6/10 “I’ll Cover You”
While many love songs are long and slowly paced, 2005’s Rent features a fantastic, jubilant love song with “I’ll Cover You.” This moment is unbridled and pure joy as Collins and Angel reveal they are falling in love, committing themselves to each other. It is important for showcasing the love between two queer characters – just as “Take Me or Leave Me” does in its own way too – but “I’ll Cover You” is also the best snapshot of Rent’s ethos. Life is fleeting and for many, it can be difficult, but finding true love can give one the strength to go on.
While “I’ll Cover You” is quite a happy song in the film’s first act, it does have a reprise later on, which is not only the saddest song in Rent but among the saddest songs from all musicals. Collins sings at Angel’s funeral after they died, and it’s a heartbreaking rendition, especially when paired with “Goodbye Love”.
West Side Story (1961)
There is perhaps no love story more legendary than that of Romeo and Juliet, and its musical adaptation, West Side Story, is equally regarded as one of the best movie musicals of all time. Just last year, Steven Spielberg directed the second film rendition of West Side Story, and while the direction, cinematography, and performances shone through, there are several elements in which the 1961 version is vastly superior. Particularly, Spielberg’s version had Valentina, played by Rita Moreno, sing “Somewhere”, while Tony and Maria sang it together in 1961’s West Side Story.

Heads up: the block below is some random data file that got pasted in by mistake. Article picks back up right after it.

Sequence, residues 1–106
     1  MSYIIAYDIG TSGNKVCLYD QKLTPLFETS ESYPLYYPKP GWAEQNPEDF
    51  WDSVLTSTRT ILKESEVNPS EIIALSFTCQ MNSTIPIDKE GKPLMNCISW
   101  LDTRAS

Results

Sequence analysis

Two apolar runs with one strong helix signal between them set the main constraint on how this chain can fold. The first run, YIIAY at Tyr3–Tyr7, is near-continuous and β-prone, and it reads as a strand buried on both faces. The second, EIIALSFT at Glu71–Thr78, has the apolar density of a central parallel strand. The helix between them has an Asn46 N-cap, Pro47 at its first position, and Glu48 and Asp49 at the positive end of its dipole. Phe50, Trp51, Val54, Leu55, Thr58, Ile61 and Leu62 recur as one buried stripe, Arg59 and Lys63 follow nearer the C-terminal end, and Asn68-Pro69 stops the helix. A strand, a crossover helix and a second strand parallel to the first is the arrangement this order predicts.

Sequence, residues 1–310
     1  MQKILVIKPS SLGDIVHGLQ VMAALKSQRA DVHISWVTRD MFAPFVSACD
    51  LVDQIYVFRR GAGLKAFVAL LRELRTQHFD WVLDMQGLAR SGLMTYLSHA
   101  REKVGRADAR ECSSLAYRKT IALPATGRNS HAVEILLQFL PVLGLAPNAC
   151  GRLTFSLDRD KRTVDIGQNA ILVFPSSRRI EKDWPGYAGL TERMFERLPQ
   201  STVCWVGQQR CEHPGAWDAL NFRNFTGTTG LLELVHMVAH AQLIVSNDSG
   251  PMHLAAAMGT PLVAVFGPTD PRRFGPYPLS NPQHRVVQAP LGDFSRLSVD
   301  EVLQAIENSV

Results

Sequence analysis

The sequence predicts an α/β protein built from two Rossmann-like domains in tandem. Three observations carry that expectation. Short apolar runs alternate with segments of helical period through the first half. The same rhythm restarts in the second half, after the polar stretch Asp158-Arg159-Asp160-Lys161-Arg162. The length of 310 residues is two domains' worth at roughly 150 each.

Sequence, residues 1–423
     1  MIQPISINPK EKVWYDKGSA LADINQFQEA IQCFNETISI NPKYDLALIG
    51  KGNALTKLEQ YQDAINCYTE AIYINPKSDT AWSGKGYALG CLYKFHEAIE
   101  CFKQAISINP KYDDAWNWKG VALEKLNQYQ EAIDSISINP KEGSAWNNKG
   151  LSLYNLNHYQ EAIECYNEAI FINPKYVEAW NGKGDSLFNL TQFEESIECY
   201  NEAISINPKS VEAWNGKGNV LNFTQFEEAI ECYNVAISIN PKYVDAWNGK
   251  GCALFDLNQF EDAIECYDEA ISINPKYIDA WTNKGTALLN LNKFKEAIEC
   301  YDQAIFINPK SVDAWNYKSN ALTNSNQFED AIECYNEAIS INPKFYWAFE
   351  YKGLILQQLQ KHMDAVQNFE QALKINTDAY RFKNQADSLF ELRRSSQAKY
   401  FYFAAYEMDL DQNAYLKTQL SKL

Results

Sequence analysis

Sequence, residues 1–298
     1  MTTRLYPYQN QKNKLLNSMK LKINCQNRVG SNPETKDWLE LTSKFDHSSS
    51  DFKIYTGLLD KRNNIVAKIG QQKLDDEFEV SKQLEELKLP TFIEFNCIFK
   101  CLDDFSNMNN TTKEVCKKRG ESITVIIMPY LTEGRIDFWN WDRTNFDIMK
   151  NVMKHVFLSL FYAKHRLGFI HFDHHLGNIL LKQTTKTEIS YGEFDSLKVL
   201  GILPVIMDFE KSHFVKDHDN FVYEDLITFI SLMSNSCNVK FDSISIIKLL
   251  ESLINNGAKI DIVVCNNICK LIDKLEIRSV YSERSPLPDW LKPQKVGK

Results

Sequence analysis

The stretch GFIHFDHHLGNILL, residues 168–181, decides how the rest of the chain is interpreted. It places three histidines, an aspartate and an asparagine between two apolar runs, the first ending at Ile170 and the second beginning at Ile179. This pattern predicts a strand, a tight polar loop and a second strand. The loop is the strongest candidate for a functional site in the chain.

Interestingly, Spielberg’s West Side Story is closer to the original stage version in this regard, but the decision to have Tony and Maria sing it gives “Somewhere” more depth and emotionality. They sing about finding a place for themselves where they can be together against all the obstacles trying to keep them apart. Overall, though, “Somewhere” is such a touching love song it resonates deeply regardless of who sings it.
4/10 “Suddenly, Seymour”
Little Shop Of Horrors (1986)
Little Shop of Horrors is quite a dark movie musical, unexpected since the premise is about a giant talking plant. The film from 1986 is based on the off-Broadway musical, with music by Alan Menken, famous for his work with Disney, and directed by Frank Oz, the legendary puppeteer best known for playing Yoda in Star Wars. In “Suddenly, Seymour”, Rick Moranis’ Seymour declares his love for Ellen Greene’s Audrey, who reciprocates.